Football + Flanerie

Every evening I go to play football, it is the one outlet I need to get through the day. The rookie mistake in football is letting the ball run ahead of you. You have to run with the ball, instead of after the ball. Every-time you kick the ball, it must not run faster than you do or you will end up chasing the ball instead of controlling it. Life is like football. The ball in the game is time.

You have to pace yourself up with time, and sometimes, just like the ball, time seems to be moving so fast, and all the things that I just HAVE TO DO are piling up making me feel like I’m on a perpetual hamster wheel that I can’t get off on. I keep chasing after time.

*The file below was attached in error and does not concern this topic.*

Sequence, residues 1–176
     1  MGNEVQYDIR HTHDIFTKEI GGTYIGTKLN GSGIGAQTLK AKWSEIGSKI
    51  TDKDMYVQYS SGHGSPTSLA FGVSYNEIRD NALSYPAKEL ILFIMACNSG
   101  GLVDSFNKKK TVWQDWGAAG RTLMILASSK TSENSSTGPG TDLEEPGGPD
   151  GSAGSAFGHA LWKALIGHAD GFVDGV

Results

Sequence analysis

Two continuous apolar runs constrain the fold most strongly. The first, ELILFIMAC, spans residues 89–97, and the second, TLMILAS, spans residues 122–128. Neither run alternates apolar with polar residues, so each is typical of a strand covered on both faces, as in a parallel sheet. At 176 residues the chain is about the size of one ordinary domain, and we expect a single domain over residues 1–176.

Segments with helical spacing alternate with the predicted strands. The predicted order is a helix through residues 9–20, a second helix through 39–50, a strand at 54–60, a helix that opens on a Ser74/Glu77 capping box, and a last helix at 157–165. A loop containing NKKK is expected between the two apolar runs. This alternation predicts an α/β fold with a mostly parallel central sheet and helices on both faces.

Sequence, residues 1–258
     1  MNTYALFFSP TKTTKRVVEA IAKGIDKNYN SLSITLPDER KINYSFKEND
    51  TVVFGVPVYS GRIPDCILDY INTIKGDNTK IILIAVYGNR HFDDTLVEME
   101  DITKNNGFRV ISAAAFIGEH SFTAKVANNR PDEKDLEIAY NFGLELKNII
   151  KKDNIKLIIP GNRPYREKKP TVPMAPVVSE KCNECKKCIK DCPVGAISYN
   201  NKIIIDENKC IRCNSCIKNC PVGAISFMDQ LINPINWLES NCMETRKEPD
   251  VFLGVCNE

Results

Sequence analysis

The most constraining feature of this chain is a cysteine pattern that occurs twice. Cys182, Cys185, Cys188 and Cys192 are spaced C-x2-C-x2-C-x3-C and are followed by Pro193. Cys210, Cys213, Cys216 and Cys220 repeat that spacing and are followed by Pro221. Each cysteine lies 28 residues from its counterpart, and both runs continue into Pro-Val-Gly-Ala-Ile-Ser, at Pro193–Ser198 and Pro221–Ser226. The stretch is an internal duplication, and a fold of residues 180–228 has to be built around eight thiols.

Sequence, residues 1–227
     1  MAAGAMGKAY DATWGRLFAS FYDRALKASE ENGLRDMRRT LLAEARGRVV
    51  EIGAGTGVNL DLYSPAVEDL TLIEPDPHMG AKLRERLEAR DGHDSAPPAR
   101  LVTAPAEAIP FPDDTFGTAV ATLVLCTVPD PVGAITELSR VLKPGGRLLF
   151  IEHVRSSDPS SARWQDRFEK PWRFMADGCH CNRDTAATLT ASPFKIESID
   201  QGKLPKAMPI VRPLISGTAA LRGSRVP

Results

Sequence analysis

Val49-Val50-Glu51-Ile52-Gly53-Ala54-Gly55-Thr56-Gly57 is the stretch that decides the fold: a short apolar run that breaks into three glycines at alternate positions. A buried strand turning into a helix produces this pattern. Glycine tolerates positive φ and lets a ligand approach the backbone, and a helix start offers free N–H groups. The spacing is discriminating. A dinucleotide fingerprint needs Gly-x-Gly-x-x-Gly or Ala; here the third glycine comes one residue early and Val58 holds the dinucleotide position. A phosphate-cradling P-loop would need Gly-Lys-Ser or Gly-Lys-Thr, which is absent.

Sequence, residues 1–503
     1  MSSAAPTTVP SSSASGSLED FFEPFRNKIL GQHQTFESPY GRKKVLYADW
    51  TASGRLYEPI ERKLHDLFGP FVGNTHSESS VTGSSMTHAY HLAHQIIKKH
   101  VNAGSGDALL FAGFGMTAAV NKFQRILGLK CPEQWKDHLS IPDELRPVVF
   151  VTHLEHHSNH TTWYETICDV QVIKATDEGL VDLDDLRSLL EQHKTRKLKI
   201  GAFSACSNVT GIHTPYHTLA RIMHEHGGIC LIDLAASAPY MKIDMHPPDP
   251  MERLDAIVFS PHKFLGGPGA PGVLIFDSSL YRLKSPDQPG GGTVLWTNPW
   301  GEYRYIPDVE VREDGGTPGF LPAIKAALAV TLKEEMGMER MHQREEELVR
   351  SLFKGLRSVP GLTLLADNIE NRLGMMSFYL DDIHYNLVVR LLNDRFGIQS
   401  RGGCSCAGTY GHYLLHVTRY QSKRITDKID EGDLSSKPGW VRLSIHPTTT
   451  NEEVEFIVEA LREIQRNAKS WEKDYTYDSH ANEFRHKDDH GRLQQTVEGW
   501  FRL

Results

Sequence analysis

Idly strolling on the streets of Jaipur, being a spectator of the show felt like “slowing down.” I was finally moving with the ball. I didn’t really know where I was going, I had a vague sense of direction after tampering with Google Maps. I was walking towards the old city, my brain said but I was really just walking to get away from the traffic. It seemed just wrong. The quaint little curved lamplights on the dividers stole my heart, while the staggering traffic and congested roads were closing in for the kill. I stopped at a tea stall, nearby, asked for a glass of tea and bought two oranges. So, there I was, sipping tea, nibbling on the orange and soaking in the rest of the world, a passive observer in the middle of huge and utter chaos. The devilish working of Chaos, it’s rule over the city was absolute. It was thorough and incomprehensible. All the people seemed to be chasing an imaginary ball which kept evading them. Everyone was in a hurry. Nobody gave a damn about anybody else. They all had their own business to get to. I could imagine all those people on the bikes and cars with their footballs, running and chasing them, seeing nothing else- caring for nothing else. That’s another rookie mistake, you can’t get far in football if you keep looking down at the ball and forget everything else. You have to be looking up and you have to be attentive to what is going on, the bigger picture. You have to use your peripheral vision to keep the ball under control whilst moving at optimum speed and make necessary decisions by looking around. You can’t just keep playing your game like you’re the only person on the field. Everyone was making rookie mistakes. It was like a grand stadium where every one of these people were players in their own leagues and everyone of them was messing up. Sometimes in football, the impulse to jump and shout comes from herd instinct and a need to conform rather than an impulse from real emotion- so everybody shouts! There is a complete pandemonium. The streets of Jaipur were representative of the herd instinct. Everyone was too engrossed in shouting. It was overwhelming, I walked ahead, got lost, to the inner entrails of the city, to find a place more soothing to senses, away from the madness and disruption.